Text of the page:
A word that is often thrown around (very often without definition) in the mobile industry these days is native.
It's typically used in the context of application platforms, frameworks, and ecosystems, suggesting that the one with the native label is somehow closer to the hardware, which implies (depending on which camp the labeller is sitting in) either harder to use (bad) or giving you better performance (good).
A strict definition of native code would probably involve compilation before deployment into instructions executed directly by hardware.
My assertion is that even if something is strictly native, that does not automatically mean it is any better or worse than a competing non-native equivalent.
I see many different kinds and levels of virtual machines and abstractions as you roam up and down the software stack. Some might be labelled native, other not. But each of those abstractions need to be judged and compared on their actual merits and failings, not solely by a label.
<p style="font-size:75%;">(An aside: ecosystem is an interesting choice of metaphor for the mobile application platforms. They tend to be ecosystems that involve one giant and heavily armed animal trapping thousands of defenceless small animals, making them fight against each other for survival with two paws tied together, and then finally stealing a share of all the food they collect. If that was a natural ecosystem would the small animals quickly die, or else work out how to untie their paws and keep all their food?)
Like many people I know (and possibly some of you reading), I've spent more than a few years now assembling the operating systems for many kinds of different phones and devices - some you might have seen and used, and others that you never got the chance to try.
In that time I've been lucky enough to work at many levels of the giant software stacks in those devices, from kernels and device drivers sitting bare on the hardware, through systems and servers in the middle, up to UI frameworks and applications at the top that you - with your user hat on - see and interact with directly.
If you've been a user of devices like smartphones, but not actively involved with making the software that runs them, you might not fully appreciate that these are some of the most complex systems humans have created to date.
To start with, there are a staggering number of individual processing cores in a typical device like an iPhone. Normally we just focus attention on the big and fast CPU cores, of which the latest devices typically have 2 (dual) or 4 (quad).
But often many subsystems and peripherals integrated inside the chip at the heart of the device can have full independantly-executing processing cores of their own. Integrated graphics processing units (GPUs) have multiple shader units. Modems can have multiple ARM and DSP cores. WiFi & Bluetooth peripherals can have another ARM core dedicated for running those protocols. Multimedia subsystems can have DSPs or ARM cores for audio and video processing.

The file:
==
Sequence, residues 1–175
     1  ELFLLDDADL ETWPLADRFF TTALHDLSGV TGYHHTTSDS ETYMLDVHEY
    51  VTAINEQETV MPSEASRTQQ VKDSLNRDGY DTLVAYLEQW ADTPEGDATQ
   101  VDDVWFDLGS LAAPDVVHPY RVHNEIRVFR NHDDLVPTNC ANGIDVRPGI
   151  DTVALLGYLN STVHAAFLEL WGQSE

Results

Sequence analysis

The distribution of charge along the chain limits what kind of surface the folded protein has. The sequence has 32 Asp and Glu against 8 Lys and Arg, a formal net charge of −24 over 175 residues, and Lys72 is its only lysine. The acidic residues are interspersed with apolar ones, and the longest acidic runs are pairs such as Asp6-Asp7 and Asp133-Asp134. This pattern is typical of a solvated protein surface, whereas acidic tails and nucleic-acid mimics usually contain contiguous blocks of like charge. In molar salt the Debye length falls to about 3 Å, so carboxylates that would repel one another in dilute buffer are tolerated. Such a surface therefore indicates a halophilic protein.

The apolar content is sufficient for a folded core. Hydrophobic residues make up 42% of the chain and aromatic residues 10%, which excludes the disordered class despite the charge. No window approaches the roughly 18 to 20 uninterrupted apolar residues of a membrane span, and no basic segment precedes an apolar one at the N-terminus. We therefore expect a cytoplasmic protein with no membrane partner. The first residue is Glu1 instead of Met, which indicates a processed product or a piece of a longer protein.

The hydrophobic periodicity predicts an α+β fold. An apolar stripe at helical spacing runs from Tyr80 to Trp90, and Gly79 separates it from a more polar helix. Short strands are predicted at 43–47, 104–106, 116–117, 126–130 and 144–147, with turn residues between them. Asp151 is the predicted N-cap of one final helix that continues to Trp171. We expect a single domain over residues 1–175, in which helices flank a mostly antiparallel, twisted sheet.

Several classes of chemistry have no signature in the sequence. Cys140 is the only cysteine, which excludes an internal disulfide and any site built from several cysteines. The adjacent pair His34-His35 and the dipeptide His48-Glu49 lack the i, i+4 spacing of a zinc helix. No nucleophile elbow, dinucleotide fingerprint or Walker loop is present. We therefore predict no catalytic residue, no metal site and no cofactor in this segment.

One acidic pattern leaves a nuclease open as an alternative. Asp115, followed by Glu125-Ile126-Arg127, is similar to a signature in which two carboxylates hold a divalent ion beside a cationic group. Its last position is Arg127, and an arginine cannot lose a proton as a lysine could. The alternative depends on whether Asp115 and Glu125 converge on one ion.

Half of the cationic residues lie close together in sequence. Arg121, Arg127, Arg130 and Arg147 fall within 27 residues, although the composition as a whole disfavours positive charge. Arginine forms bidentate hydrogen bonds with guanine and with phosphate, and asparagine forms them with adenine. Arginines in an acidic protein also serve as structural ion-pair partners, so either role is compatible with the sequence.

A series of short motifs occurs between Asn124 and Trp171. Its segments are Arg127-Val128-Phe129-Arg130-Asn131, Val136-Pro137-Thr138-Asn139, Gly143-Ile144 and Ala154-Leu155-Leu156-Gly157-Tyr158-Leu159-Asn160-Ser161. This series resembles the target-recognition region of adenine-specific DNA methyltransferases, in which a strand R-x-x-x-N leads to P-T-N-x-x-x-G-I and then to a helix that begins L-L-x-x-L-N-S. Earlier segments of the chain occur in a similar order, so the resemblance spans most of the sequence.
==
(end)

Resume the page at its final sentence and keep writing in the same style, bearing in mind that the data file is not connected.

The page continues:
Since it's the responsibility of the operating system in the phone has to tie all those pieces together and make them work as one consistent whole, that naturally makes operating systems very complex, typically needing many millions of lines of source code.
Earlier, I've had the chance to spend some time working a little bit outside the box, with a performance profiling tool that gives you the complete picture of exactly what every process, thread and module of an operating system is doing at once, and how they are interacting with each other, at a resolution of billionths of a second - which is the timescale that current systems operate at. Exploring systems and use cases with that was a very educational experience.
Every piece of software is written to work in a particular kind of environment. Part of that environment comes from the language the software is written in. Another part comes from how that language is finally executed. Yet another part is from the runtime environment it executes within. And finally there are the APIs and interfaces offered to interact with the world outside the environment - files, network, displays, etc.
All of these things are abstractions - constructed on top of some other lower level environment, (ideally) with a goal of making it easier to achieve things than it would have been if done directly with that underlying environment.
Underneath those come lower-level application environments based on C++ or ObjectiveC compiled to hardware-executed instructions, backed up with a large set of libraries and service APIs.
Below those, we typically stay with compiled C-languages, but strip away the dependencies on other services until the lowest level "user space" components depend only on something like a C library and some interfaces from the kernel.
At this point, we are still working in virtual machines - typically called threads or processes - that conveniently hide away messy details like which page in which RAM chip our memory blocks came from.